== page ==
design

Using Dual Process Theory for Higher Conversions

Designing your website requires a studied understanding of human behavior if you want to increase your conversions. Using psychological tactics in your design to appeal to potential customers can help do this, but you must first know how users’ decisions are made.

Daniel Kahneman presents two thought systems that can give marketers a framework for how to target their ideal clients through site design and get a major uplift in conversions.

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Web Accessibility

What if you found out you are, at best, only optimizing your site for 81% of the people who might possibly visit it?

Whether you’ve spent years perfecting your site’s usability or are just getting started, you’d want to know about that other 19%, right? That 19% represents millions and millions of people with disabilities who can’t access or engage with sites in the traditional way.

That’s where web accessibility comes in, opening you up to conversion opportunities you didn’t even know you were missing out on.

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Ghost Buttons

Ghost buttons are transparent calls to action that appear on websites and in apps. They tend to have a thin border and a text label that sits within the transparent body of the button.

The use of this type of button reached a peak around a year ago, but can still be seen across a wide range of websites. They’re generally used more on websites that use a minimalist or flat design.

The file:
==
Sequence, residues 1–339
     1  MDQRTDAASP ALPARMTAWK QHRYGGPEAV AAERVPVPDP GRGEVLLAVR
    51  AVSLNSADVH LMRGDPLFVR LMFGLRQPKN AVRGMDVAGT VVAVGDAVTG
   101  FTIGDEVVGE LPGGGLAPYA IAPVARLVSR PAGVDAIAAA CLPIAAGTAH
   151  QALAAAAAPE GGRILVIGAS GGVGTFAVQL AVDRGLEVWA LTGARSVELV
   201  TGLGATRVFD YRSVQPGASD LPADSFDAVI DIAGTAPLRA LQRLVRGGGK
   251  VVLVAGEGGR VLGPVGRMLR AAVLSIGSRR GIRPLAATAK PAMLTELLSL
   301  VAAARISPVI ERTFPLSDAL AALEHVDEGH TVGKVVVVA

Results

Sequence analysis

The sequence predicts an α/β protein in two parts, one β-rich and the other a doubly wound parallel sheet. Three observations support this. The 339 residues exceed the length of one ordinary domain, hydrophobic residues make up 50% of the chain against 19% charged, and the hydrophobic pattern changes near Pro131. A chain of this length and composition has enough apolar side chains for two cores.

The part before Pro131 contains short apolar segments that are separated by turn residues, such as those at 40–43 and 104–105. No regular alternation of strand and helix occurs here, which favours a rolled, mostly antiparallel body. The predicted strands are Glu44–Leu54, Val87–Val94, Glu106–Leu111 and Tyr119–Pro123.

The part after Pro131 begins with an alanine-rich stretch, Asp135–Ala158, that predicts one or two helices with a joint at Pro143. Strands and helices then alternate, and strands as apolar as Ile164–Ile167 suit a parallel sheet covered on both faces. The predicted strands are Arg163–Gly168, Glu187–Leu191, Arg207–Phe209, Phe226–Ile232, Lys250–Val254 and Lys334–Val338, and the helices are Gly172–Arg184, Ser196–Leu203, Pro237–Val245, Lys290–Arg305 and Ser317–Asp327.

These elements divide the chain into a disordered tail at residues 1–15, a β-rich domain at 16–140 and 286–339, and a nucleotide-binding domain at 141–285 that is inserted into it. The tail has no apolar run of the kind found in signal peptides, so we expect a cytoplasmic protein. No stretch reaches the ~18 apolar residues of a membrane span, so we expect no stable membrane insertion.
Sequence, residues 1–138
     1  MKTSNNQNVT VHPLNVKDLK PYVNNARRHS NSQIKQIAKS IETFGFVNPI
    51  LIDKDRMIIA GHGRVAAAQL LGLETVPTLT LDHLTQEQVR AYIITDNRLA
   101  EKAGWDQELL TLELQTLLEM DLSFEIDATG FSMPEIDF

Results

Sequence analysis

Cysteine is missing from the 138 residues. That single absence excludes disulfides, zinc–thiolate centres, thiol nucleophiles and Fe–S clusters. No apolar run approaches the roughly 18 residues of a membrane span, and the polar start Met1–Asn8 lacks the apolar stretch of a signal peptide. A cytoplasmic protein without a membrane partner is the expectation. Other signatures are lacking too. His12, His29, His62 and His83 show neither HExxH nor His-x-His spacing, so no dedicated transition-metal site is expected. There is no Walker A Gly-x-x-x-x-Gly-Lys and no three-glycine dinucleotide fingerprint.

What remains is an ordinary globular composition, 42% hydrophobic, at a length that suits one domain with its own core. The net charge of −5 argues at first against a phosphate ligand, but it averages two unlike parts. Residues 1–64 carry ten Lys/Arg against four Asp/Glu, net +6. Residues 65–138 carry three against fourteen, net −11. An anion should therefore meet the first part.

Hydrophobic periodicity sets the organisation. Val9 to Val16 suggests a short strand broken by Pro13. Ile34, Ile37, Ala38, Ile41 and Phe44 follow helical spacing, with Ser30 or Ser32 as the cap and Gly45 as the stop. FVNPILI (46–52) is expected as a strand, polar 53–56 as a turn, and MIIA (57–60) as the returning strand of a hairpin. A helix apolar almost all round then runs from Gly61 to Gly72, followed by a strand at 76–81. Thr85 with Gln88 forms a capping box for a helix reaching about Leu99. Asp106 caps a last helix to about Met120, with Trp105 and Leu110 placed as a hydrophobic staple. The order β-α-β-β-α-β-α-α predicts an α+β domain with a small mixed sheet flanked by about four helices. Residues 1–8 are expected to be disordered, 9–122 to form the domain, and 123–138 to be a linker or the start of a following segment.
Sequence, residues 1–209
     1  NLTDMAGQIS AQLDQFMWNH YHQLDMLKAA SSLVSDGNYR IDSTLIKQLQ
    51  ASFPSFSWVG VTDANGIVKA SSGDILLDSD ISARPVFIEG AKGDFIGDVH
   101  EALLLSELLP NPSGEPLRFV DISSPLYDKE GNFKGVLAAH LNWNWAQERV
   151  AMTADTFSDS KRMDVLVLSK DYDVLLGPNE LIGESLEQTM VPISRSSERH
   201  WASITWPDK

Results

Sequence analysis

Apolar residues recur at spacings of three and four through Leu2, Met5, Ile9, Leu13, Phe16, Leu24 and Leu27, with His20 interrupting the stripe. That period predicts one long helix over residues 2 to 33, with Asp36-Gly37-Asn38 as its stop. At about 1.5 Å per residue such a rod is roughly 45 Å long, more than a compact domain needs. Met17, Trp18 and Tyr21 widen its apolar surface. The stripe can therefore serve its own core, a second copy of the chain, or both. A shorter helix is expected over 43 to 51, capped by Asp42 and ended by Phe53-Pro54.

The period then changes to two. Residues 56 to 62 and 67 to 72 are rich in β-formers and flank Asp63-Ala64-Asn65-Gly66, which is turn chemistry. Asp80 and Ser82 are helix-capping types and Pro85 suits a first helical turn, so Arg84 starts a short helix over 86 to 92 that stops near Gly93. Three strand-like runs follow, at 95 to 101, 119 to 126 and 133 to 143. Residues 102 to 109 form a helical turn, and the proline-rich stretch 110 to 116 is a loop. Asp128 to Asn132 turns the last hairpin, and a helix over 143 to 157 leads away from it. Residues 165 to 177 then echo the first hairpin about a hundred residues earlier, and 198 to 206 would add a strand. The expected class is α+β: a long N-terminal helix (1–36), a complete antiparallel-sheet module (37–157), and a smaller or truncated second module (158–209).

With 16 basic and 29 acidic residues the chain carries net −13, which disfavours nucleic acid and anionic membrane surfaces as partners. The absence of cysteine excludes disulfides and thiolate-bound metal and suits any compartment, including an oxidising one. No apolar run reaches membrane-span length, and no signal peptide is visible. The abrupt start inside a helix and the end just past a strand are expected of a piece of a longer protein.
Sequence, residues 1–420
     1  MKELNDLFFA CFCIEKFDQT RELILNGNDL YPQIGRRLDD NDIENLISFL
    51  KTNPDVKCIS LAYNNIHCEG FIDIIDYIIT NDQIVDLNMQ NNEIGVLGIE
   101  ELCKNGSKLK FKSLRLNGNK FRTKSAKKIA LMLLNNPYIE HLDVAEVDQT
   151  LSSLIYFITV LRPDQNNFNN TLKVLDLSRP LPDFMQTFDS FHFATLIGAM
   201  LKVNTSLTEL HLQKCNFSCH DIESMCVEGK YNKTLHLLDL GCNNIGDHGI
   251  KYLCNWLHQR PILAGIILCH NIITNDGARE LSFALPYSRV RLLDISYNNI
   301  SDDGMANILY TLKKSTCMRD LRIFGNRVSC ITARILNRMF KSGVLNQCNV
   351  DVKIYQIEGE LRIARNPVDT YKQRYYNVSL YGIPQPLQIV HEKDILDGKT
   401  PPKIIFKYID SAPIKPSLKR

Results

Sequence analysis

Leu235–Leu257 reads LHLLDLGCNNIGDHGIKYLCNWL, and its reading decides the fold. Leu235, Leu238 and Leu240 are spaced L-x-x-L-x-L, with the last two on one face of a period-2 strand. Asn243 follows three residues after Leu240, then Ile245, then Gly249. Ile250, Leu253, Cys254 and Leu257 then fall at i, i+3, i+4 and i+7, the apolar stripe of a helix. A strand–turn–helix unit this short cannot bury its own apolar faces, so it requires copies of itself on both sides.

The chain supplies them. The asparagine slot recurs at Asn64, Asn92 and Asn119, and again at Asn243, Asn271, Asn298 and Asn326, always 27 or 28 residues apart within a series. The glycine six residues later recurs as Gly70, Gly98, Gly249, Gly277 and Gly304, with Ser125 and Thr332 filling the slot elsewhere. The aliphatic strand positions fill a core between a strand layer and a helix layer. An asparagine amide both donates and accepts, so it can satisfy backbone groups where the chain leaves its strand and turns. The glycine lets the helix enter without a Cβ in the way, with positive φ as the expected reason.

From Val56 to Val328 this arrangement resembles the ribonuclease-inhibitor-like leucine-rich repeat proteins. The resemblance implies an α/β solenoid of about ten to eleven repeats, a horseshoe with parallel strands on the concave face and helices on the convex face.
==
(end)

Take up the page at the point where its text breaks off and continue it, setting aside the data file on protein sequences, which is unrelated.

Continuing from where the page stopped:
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Memory

Every company wants their visitors (i.e. potential customers) and customers to leave their site with a lasting positive memory. Of course, that’s much easier said than done when you consider technical issues, copy confusion, price barriers and the like.

If you want to bring a smile to people’s faces when they hear your company name, you’ll need to understand how memory works and how you can design for it.

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m(Dot) vs. Responsive vs. Adaptive

Every once in a while a big debate comes along in the conversion optimization industry. There was the carousel debate, the hamburger menu debate, the above the fold debate, etc.

Recently, optimizers have been debating a new question: Which mobile design is best for optimizers?

Is it m(Dot) design, responsive design or adaptive design? All three options have their unique pros and cons as far as UX and SEO go, but which is most suitable for someone running experiments and tests on the regular?

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Templates

Why do the work when it’s already been done for? That’s the question business owners and marketers are asking before they hit “Purchase” on a $30 website template.

Thousands, if not millions, of people turn to website templates to make the design process more efficient. But there’s something almost no one is talking about…

Website templates are not optimized for conversions. That’s your job. [Tweet It!]

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Credibility

Who are you more likely to trust to tell you the truth: a preschool teacher or a used car salesman? A firefighter or a magician? A child or a politician?

Some people are simply deemed more or less credible based on surface-level factors. The same is true for websites. [Tweet It!]

You have to know what makes your site the child or the politician.

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